Water softeners use a process called ion exchange to swap calcium and magnesium minerals with sodium (salt) ions. Hard water causes soap scum and affects the skin’s ability to absorb moisture. A water softening unit is installed at water’s point of entry into your home, protecting your pipes and appliances from scale formation.
👉 Check out these Recommended Well Water Softener Systems for 2023
Whole House Water Filter Systems
Best For: Heavy Metals and Chlorine
There are two common types of whole house drinking water filter systems available for well water:
- Air or chemical injection/ oxidation systems: remove manganese, iron, and sulfur
- Cartridge filters: remove heavy metals, pesticides, herbicides, and chlorine
Air or chemical injection/ oxidation is the best choice if you’re looking for a low-maintenance, long-term iron removal solution. Cartridge filters tend to be best at removing moderate concentrations of heavy metals and chemicals, and require more frequent maintenance in the long run.
👉 Check out our Top-Rated Whole House Well Water Filtration Systems
Best For: Microbes Like Bacteria
UV purifiers are the most effective solution against bacteria. These systems emit ultraviolet light, which penetrates the cell walls of microbiological contaminants and destroys their nuclei. UV lamps need replacing approximately once a year and UV sleeves have a 2-3 year lifespan.
👉 Check out our favorite UV Filters for Bacteria Removal
Best For: Small Budgets
Showerhead filters are a good option for reducing chlorine and hardness minerals from shower water. Many showerhead filters also add healthy vitamins to water, further improving water quality. There are two types of showerhead filters available: inline shower filters (which you can use with your existing showerhead) and full showerhead filters (which replace your existing showerhead).
👉 Check out our 7 Best Shower Filters for 2023
Reverse Osmosis Systems
Best For: Big Budgets
Finally, reverse osmosis is the best high-end option for removing virtually all contaminants from tap water. RO systems use membrane separation to remove all impurities larger than 0.0001 microns, including water hardness, heavy metals, and chlorine. If your well water has a high sediment or mineral content, you’ll need to install a pre-filter upstream of the RO system to protect the membrane.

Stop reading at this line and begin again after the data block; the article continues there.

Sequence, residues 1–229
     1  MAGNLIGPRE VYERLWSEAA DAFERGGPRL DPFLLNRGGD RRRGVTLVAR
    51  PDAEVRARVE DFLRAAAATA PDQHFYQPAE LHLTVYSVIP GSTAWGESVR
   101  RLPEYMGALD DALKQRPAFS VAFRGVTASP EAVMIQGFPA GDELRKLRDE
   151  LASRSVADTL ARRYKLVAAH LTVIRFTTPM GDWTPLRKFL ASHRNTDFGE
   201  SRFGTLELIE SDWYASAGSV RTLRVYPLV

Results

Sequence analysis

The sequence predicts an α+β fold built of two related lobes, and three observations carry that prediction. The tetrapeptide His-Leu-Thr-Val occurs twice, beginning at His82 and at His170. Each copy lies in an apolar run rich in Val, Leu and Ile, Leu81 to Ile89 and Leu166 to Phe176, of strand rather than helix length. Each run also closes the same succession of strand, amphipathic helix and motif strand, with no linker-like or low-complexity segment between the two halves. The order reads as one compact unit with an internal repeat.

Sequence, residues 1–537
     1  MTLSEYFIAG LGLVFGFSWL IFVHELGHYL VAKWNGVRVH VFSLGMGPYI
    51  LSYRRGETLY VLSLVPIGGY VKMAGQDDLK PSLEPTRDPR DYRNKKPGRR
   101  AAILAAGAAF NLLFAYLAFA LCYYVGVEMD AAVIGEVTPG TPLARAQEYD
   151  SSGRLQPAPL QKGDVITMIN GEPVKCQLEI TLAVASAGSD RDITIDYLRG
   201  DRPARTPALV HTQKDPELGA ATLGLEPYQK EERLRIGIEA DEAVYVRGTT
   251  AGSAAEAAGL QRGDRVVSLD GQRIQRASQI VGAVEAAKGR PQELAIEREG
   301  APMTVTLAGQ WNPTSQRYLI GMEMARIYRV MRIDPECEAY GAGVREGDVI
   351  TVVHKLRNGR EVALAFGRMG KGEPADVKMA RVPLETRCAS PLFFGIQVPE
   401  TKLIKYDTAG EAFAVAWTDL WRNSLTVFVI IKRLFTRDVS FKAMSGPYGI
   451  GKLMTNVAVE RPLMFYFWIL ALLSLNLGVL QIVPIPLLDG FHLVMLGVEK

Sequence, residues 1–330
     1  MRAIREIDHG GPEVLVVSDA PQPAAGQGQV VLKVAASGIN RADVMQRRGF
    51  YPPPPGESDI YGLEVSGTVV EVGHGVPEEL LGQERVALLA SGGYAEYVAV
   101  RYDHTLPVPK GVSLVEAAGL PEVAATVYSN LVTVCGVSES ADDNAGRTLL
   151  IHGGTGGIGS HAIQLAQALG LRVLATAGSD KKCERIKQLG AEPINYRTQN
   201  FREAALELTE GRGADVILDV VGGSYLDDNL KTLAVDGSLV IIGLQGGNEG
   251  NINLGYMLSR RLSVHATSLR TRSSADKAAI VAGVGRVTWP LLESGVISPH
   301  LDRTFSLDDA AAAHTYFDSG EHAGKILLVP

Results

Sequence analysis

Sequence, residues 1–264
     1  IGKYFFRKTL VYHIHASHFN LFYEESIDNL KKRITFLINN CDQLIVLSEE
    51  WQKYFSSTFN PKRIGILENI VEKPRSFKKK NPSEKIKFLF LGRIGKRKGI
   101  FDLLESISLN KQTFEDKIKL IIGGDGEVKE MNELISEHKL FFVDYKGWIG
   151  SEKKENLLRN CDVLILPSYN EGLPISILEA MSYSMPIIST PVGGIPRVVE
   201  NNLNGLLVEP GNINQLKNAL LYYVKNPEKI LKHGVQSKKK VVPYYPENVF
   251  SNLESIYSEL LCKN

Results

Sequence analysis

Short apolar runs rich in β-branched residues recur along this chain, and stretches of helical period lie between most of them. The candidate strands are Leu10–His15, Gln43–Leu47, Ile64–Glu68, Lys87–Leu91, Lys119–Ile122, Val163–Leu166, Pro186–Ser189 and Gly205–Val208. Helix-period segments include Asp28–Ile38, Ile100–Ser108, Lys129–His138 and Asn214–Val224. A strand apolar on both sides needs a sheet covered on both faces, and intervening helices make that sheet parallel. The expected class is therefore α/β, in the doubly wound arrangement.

👉 Check out our Top 6 Reverse Osmosis System Reviews in 2023
🩺 Other Causes of Skin Problems
Well water is one of the most likely causes of skin problems like dry skin, acne breakouts, and skin irritation.
However, your skin issues might not be caused by your water. Before you place the blame, ask yourself the following questions:
- Have I recently bought a new perfume, soap, or laundry detergent?
- Does my skin condition continue to be a problem even when I’m away from home using a different water supply?
- Do I have a family history of a chronic dry skin problem or skin irritation, like eczema or psoriasis?
- Do I notice worsened symptoms after eating a certain food or type of food?
- Am I going through a physical change (such as pregnancy or menopause)?
📌 Book an appointment with your doctor to discuss your symptoms and get tested for several common skin issues. If your tests come back clear for chronic skin issues, there are two likely causes: exposure to allergens or a reaction to the contaminants in your water.
Test Your Well Water
To get a better gauge on the likelihood of your well water causing your skin problems, test your water for the problem contaminants listed in this guide.